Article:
LONDON - Scottish separatists say they will keep Queen Elizabeth II if the country votes Thursday to leave the United Kingdom, but some question how secure the monarchy would be post-independence.
Members of First Minister Alex Salmond's separatist Scottish National Party (SNP) government have said that if independence wins it should be up to the people to decide whether to keep the queen.
The independence campaign's chairman Dennis Canavan has even called for an early referendum on dumping the royals, calling hereditary monarchy an "affront to democracy and a complete anachronism".
The queen's 15 realms outside Britain - Australia, Canada and New Zealand included - have a viceroy and some experts suggest Scotland would likewise need a governor-general for permanent in-country representation and to avoid the queen directly receiving conflicting advice from her governments.
Queen Elizabeth was reported to tell a well-wisher on Sunday "I hope people will think very carefully about the future" after attending a church service near her Balmoral estate in Scotland.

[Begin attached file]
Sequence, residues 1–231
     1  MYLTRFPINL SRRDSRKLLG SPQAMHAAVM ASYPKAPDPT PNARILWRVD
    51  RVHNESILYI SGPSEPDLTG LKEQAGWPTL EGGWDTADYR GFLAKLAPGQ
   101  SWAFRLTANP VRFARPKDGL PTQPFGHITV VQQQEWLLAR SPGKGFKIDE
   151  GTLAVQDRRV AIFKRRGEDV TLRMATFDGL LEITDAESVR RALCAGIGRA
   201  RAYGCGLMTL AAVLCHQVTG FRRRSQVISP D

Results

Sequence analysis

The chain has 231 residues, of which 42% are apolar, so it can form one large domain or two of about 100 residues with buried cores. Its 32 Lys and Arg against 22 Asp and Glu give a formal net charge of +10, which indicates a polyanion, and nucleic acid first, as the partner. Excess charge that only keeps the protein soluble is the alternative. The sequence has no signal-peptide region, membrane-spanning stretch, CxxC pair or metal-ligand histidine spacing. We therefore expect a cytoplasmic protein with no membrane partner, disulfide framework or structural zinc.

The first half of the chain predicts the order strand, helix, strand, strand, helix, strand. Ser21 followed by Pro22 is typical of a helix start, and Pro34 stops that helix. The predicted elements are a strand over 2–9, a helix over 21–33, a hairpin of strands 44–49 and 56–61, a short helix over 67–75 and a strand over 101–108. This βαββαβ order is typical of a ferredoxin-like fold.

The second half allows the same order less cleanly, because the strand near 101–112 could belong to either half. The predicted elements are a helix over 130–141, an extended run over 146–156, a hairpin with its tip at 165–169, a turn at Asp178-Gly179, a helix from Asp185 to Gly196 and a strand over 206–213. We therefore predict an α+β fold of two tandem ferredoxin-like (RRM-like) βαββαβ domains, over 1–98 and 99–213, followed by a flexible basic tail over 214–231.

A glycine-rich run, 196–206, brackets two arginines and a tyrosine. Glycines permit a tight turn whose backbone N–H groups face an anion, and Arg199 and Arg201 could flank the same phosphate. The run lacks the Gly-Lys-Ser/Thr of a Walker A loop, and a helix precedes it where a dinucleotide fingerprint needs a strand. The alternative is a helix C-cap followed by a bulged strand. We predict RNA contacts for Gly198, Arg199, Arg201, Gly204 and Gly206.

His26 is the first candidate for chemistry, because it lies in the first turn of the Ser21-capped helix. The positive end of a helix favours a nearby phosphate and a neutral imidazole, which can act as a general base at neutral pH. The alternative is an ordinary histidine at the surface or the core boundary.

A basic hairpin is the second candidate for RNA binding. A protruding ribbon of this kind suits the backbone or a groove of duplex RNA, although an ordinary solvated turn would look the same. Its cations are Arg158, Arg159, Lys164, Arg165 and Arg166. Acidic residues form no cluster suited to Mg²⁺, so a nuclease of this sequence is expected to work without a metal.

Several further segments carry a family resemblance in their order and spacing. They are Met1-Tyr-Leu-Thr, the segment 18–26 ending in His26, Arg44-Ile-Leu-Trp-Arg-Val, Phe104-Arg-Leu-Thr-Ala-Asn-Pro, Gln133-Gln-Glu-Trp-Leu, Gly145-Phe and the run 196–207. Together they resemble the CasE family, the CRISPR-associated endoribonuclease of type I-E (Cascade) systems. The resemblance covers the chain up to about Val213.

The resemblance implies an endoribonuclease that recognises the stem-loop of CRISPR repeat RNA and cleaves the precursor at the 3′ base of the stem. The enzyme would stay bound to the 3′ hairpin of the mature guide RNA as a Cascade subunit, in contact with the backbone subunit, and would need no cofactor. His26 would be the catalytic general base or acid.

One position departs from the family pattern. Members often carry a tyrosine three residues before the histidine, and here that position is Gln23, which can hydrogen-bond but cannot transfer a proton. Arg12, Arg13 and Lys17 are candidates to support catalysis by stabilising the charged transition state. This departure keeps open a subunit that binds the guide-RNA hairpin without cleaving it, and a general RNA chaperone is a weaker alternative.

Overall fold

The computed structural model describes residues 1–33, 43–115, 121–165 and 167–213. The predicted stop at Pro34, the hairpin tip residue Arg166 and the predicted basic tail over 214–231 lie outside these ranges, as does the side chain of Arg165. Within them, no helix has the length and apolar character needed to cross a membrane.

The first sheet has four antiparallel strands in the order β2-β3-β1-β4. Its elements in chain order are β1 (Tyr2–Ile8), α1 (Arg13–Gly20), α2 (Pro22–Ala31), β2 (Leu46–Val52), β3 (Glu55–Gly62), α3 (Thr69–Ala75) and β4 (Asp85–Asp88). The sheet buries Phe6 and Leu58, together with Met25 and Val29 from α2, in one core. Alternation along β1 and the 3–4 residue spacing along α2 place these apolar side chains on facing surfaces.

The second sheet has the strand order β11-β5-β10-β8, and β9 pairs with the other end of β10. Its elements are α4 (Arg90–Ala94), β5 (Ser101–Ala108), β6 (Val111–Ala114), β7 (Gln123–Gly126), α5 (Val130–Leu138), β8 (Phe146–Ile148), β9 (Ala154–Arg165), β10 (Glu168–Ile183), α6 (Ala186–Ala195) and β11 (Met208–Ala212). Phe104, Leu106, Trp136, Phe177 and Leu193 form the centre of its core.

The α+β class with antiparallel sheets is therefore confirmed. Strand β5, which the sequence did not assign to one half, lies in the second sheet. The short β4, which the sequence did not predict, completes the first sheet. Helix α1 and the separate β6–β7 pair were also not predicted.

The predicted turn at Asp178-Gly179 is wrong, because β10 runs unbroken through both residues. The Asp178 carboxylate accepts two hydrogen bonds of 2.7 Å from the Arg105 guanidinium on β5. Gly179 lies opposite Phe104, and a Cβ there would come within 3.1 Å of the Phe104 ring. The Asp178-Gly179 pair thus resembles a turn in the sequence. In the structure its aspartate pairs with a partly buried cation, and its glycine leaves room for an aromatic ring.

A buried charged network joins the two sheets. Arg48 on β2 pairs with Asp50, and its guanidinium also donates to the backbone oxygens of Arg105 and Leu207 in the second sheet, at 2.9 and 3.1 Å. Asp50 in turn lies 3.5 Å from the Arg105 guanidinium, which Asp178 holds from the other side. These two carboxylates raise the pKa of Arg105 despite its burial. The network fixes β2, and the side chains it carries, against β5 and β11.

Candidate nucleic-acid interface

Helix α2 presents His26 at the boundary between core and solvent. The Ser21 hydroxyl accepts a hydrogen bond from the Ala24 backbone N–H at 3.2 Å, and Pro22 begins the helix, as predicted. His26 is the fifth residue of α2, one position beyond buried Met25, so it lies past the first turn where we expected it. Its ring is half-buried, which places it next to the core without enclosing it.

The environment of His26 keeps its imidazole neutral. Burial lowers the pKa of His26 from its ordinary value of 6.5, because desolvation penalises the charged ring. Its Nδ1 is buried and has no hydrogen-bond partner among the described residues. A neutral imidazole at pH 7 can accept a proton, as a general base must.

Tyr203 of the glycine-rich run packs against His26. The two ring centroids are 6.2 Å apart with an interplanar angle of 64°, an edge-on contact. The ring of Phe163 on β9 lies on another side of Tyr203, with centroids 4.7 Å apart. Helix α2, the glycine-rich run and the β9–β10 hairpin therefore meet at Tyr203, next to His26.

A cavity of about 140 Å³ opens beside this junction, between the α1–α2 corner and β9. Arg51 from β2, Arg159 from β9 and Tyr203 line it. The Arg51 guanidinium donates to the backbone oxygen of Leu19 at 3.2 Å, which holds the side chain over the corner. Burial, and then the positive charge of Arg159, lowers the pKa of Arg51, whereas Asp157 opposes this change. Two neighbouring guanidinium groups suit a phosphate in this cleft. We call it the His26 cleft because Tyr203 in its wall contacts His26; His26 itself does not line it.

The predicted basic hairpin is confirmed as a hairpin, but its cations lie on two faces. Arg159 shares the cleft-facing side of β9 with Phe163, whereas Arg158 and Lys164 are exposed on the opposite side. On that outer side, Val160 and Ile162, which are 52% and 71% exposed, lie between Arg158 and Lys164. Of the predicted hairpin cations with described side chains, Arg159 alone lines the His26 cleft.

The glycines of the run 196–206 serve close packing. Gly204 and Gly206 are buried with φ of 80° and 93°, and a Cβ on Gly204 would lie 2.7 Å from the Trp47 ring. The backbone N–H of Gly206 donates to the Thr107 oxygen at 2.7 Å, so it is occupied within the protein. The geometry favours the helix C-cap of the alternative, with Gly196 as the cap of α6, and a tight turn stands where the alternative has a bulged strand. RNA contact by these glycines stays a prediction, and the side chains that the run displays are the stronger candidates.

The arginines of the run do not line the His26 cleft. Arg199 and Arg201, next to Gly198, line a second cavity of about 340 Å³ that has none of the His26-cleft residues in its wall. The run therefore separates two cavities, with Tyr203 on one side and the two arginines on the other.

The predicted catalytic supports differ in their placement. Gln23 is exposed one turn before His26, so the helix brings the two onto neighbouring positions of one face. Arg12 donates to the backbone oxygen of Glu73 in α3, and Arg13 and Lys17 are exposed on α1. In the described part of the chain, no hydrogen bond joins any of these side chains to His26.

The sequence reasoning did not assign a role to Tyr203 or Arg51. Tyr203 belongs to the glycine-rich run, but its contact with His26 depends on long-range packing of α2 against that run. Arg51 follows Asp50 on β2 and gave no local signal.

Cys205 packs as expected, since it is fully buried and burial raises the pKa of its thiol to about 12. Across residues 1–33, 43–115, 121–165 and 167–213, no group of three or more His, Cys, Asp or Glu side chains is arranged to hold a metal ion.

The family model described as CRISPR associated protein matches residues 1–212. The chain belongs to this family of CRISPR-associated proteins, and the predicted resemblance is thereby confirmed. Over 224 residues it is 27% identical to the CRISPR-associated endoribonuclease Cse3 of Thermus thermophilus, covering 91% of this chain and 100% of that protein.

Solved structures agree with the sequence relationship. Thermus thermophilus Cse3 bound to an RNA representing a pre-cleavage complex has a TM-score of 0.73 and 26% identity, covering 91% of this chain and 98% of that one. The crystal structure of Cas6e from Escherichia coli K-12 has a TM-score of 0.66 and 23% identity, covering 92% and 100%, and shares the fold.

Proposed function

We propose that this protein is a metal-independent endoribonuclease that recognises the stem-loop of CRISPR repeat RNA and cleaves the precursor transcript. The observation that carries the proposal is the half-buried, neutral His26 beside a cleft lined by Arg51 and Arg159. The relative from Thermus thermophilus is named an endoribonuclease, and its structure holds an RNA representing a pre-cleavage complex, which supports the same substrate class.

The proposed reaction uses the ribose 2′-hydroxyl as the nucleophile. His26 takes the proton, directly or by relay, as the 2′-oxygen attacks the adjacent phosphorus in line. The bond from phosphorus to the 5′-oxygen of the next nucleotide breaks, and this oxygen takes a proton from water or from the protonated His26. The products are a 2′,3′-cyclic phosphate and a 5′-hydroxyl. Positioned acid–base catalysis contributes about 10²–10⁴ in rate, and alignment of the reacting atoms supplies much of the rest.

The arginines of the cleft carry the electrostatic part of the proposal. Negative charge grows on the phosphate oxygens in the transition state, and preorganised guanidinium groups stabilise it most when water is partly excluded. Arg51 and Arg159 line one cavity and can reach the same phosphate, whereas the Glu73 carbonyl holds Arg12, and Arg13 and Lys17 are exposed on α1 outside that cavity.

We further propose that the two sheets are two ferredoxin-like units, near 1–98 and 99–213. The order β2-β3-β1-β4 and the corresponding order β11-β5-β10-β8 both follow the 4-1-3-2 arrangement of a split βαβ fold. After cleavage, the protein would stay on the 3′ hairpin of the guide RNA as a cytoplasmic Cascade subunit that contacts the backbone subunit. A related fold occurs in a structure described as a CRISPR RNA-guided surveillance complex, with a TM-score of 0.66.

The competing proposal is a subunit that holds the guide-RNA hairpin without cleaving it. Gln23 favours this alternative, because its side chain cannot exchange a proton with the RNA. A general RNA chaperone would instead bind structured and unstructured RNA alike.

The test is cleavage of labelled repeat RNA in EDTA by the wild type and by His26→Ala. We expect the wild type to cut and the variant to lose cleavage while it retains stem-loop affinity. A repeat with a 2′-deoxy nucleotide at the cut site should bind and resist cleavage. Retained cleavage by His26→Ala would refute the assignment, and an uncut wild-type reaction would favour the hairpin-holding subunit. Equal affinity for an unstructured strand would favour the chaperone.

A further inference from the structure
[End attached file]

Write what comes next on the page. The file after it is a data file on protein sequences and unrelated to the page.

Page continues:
Some newspapers suggest the 88-year-old monarch is "horrified" at the prospect of her kingdom breaking in two.
Buckingham Palace has only spoken officially to stress her constitutional impartiality and view that it is a matter for the people of Scotland.
England and Scotland have shared the same monarch since 1603 - the Union of the Crowns in one person.
But the 1707 Acts of Union formed one new, united state, Great Britain, and it is this political union that the separatists seek to unpick - meaning that the "United Kingdom" would remain.
"On independence, Scotland will be a constitutional monarchy, continuing the Union of the Crowns," says the Scottish government's prospectus for independence.
"The position of Her Majesty the Queen as head of state will form an intrinsic part of the constitutional platform.
But the left-of-centre New Statesman magazine has accused SNP chief Salmond of "counterfeit monarchism".
"Although it has never officially been a republican organisation, there has always been a strong thread of anti-royalist sentiment running through its rank and file," it has said.
Besides her constitutional ties, Queen Elizabeth's links to Scotland are personal. The queen's mother was from a Scottish noble family.
Currently the queen spends one week at the end of June at her official state residence in Scotland, the Palace of Holyroodhouse in Edinburgh, and her summer break in August and September at Balmoral, her personal estate in the Highlands.